Some years ago, when I was a fairly new Christian, I attended a meeting in which people were seeking an experience with God; an encounter, a manifestation, an out-pouring of the Holy Spirit – something tangible.
We were at Spring Harvest at Minehead. I witnessed a lot of people being ‘touched’ by God in what seemed to be a profound way and I really wanted to experience this for myself, to see if it was really true and to receive some sort of supernatural evidence or proof, if you like. I went forward during the prayer ministry time and then waited to receive whatever God wanted to give me. I stood there, hands outstretched and waited… and waited. Nothing happened! All around me people seemed to be encountering God and dropping to the floor or shaking or laughing or praising God. Something wonderful seemed to be happening to them but I just stood there… Nothing! I felt the loneliest I think I have ever felt in my life. Abandoned, rejected, alone, not worthy – not like the others around me, a second-class Christian, forsaken. As a result of that experience my faith was shaken to the very core as I considered that God loved others and was willing to “bless” them, but not me. I remember standing there for all of half of an hour, with tears occasionally rolling down my cheeks, before I reluctantly returned to my seat feeling utterly sad, rejected and despondent.
For the next few days I had a real crisis of faith. I began to think Christianity was false; that it was all hype; that people were just kidding themselves and I’d allowed myself to get sucked in to something that wasn’t real. It was a dark time. I felt lost and didn’t even want to be there anymore… but my family did. The only thing that I held on to, and that gave me hope, is that Suzanne had been touched and she had experienced what others had. And I know my wife; she wouldn’t lie about something like that.
Three days later, the same session – Receiving from the Holy Spirit – was scheduled again in the evening, and I went along again desperately hoping that I might receive from the Holy Spirit. The same thing happened. Lots of other people were being ‘touched’ but I just stood there. Nothing! Again, I went back to my seat wondering where I go from here. But then, sat there in the quietness and solitude of my ‘rejection’, and I think for the first time in my Christian life, I became aware of why it is that the Holy Spirit is also known as the Counsellor or Comforter, who Jesus promised, “will remind you of everything I have said to you” (John 14:26). As I sat there I heard the same words that Jesus spoke to Thomas, “blessed are those who believe and have not seen.”
The Comforter was saying to me, “You don’t need to experience supernatural signs and wonders to believe and know that I love you.” And I was able to answer honestly, “No, Lord. I don’t. Even if you never reveal yourself to me in that way, I believe.” Everything that needs to happen has already happened. That’s why Jesus said on the cross, “It is finished.”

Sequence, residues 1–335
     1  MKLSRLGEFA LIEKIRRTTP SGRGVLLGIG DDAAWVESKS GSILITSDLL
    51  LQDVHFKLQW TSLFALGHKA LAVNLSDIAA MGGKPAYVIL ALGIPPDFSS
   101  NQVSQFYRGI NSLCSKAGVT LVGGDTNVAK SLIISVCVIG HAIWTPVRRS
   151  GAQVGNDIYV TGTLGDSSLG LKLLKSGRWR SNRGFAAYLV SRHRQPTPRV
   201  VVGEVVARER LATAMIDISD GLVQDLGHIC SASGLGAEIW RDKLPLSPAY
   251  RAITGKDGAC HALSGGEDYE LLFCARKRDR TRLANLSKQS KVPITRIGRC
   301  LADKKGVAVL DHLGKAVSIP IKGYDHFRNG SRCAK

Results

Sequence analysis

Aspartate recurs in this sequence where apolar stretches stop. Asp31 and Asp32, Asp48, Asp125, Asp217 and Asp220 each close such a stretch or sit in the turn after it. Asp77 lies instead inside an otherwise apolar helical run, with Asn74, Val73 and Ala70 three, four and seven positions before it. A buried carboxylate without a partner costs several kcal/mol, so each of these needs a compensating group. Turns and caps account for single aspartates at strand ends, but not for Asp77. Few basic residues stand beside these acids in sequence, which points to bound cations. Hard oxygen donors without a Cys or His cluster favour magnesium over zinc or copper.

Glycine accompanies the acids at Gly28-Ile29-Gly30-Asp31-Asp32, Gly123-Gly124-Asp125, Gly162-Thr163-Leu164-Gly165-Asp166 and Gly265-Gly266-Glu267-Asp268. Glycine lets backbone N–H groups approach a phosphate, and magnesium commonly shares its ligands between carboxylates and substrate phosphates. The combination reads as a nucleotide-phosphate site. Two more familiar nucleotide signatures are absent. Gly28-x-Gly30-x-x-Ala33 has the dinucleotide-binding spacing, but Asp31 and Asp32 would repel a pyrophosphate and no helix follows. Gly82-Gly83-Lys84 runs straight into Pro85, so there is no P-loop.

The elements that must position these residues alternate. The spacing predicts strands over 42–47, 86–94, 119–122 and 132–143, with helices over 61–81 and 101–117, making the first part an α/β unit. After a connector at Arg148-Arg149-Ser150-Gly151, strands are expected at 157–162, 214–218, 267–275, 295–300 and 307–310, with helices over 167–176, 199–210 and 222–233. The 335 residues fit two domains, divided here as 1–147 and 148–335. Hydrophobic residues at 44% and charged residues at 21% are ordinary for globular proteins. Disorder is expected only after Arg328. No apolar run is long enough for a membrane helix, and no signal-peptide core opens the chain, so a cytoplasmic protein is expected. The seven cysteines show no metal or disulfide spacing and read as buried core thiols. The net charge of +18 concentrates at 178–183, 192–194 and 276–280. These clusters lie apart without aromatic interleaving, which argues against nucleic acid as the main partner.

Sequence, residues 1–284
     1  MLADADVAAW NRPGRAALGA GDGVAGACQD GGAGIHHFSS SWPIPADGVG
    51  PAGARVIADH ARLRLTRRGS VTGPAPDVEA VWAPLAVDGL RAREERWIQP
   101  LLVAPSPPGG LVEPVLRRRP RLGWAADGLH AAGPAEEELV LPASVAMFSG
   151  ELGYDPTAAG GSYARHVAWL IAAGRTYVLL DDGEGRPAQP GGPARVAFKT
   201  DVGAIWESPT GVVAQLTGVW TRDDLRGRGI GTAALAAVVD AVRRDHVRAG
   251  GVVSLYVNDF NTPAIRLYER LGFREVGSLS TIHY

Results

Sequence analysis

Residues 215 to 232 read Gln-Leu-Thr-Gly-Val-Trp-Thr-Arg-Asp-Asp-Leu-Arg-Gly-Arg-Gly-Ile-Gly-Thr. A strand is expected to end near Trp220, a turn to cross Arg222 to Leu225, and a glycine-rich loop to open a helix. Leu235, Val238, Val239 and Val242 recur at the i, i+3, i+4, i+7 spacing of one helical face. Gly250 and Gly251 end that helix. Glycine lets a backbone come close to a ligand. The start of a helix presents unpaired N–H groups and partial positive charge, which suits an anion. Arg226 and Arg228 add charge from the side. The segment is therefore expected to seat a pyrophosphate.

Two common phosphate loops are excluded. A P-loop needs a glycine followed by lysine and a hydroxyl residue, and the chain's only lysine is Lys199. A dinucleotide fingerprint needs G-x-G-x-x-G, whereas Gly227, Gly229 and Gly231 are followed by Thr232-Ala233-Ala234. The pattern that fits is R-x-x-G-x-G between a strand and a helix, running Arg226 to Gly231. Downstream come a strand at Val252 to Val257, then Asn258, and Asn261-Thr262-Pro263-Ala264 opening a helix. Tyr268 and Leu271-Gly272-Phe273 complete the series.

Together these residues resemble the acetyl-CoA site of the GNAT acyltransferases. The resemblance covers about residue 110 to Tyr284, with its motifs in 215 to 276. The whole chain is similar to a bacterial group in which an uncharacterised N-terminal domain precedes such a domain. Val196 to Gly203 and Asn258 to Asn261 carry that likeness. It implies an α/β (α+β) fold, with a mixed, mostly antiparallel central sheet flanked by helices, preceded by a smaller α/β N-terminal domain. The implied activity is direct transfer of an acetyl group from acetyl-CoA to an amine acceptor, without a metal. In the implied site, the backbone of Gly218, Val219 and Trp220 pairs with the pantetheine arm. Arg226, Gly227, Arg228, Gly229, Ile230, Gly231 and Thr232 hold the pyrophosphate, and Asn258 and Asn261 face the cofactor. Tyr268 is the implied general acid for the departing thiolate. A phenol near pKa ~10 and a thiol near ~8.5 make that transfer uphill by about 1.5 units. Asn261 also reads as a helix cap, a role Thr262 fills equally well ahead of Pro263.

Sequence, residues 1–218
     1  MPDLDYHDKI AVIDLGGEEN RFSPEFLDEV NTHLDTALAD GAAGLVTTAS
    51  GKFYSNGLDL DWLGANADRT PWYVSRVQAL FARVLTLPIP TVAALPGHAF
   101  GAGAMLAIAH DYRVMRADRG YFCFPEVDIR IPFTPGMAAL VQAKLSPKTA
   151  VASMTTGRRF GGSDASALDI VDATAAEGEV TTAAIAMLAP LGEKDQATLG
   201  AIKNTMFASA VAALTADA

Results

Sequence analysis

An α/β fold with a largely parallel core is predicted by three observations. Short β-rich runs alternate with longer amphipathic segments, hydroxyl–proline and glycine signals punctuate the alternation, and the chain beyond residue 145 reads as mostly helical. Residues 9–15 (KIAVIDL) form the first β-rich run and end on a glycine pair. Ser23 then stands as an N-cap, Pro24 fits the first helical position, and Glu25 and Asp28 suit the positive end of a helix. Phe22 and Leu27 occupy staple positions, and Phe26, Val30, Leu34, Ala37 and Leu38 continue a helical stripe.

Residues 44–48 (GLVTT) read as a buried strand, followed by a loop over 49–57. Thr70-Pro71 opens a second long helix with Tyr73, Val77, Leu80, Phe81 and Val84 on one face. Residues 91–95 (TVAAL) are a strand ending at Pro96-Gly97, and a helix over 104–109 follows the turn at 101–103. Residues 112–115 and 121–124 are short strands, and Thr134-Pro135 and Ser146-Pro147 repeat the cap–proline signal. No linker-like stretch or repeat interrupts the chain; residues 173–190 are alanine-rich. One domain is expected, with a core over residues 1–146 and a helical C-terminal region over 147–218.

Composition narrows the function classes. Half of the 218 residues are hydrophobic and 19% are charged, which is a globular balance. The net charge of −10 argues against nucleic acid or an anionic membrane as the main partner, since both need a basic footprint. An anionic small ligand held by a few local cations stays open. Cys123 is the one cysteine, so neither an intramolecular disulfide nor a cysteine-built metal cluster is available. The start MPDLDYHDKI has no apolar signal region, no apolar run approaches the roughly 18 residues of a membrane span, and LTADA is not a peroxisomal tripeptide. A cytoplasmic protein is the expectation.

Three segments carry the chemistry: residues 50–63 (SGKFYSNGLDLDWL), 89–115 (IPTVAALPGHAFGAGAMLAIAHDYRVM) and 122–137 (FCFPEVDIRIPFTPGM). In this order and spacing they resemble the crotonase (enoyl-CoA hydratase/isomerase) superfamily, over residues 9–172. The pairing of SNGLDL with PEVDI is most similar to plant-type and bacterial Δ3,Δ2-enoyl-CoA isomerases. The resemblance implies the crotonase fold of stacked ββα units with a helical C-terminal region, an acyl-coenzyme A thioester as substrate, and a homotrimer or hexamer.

I didn’t experience a slaying in the Spirit, as others seemed to do, but when the Counsellor came with those words of comfort, and I came to the point of realisation that I didn’t need to actually see to believe… well, let me tell you, I experienced such an overwhelming sense of joy, peace, blessed assurance and the weightiness or heaviness of God’s presence. It was palpable. Truly, it’s not seeing is believing it’s the other way around, believing is seeing! – Interesting: in Hebrew the word “glory” comes from the same root as the word “weighty”, God’s glory is his weightiness.
The amazing part of all of this is that it was Easter. We had been hearing all week a message of encouragement and hope. I still remember the strap line: It might be Friday but Sunday is coming. As I marvelled in God’s grace and mercy once again, I reflected on the previous three days of doubt and despair. I figured that I knew how the disciples must have felt when Jesus was killed and all their hopes and dreams were extinguished in a day. Suddenly a thought hit me like a bolt out of the blue… and I remember laughing in marvellous wonder… (At Spring Harvest you tend to lose track of what day of the week it is because the programme is all geared up as Day 1, Day 2, Day 3, etc.) But it suddenly hit me…. The first evening when I went for prayer and nothing happened it was Friday, Good Friday, and three days later when the Comforter came to me; it was Easter Sunday, resurrection day. And once again I was reminded that it might be Friday but Sunday is coming.
R. Ian Seymour